Yes it is. Each glue has a manufacturer recommended clamping pressure.
Usually is is around 175-250 psi for hardwoods. Read more here:
firstname.lastname@example.org (Bruce) wrote:
I realized I didn't answer your question of "how much" I doubt many have
actually calculated their clamping pressures as that would be a real pain
in the ass to do. You'd have to calculate surface area of the clamped
area, divide by the number of clamps, torque each clamp to a known value
and perform the math to figure out how much linear force is applied by the
screw when twisted with a particular torque.
Clamping 2 boards, 1' square how many twist grip bar clamps?
144 square inches so to get 200 psi you need:
200 * 144 = 28,800lbs of total clamp pressure
28,800 / 1000 lbs** per clamp is 29 clamps!! What the hell? Is something
wrong with my math? I'd put about 4-6 clamps on that myself. I think you
better break out the C-Clamps.
**From the Bessey website, 1000 nominal clamping on their heavy bar clamps.
The way I see that, you can figure 1 clamp per 5 square inches.
I normally just tighten enough to not squeeze out all the glue, but enough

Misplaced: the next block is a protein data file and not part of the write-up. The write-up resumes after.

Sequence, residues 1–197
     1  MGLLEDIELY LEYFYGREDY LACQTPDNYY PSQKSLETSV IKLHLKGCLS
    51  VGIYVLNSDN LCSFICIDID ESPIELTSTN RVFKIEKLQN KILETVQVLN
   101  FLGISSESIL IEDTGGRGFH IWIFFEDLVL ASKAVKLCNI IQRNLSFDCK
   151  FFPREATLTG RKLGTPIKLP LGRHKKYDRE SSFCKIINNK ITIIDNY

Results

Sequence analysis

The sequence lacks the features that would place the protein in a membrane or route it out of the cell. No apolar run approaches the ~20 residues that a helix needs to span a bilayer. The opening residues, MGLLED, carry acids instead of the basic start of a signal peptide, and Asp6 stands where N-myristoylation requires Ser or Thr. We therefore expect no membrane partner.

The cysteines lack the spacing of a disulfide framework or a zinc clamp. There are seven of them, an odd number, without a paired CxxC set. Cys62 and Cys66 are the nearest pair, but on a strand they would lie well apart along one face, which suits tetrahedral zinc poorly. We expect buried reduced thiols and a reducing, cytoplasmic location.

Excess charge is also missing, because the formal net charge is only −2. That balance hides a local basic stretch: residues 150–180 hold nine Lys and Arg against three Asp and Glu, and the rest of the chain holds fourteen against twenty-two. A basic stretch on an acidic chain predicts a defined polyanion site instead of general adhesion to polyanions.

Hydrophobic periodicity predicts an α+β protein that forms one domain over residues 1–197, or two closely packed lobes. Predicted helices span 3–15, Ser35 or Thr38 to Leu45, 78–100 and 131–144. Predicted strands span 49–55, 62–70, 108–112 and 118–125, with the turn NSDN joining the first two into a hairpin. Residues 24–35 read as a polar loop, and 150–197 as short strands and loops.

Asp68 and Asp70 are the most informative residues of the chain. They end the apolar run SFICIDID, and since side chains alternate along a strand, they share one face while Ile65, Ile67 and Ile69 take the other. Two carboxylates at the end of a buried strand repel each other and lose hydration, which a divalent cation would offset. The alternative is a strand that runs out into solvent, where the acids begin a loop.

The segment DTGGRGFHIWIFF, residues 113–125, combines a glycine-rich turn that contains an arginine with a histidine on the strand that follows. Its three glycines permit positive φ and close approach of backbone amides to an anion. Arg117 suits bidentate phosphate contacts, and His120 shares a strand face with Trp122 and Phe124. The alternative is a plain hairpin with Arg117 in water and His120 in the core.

to squeeze out a bit. Don't tighten till the handle stops, but till it gives
good resistance. That's how I do it with Elmer's Yeller glue.
"Bruce" < email@example.com> wrote in message
By that link to attach a 32" oak face frame to 3/4" ply partition the minimum
force needed is 4800 pounds. Roughly the weight of my truck. On one stile of a
Somehow I think many here have gotten away with less.
If you do that, you practically guarantee a glue-starved joint.
You won't get a feel for it until you do a few glueups, but you want
to apply just enough pressure to get a uniform bead of squeezeout. If
you get the pressure right, once the glue has dried, the clamps will
be slightly loose.
If you have to crank down on the clamps to close the joint, you
need to re-do the joint.
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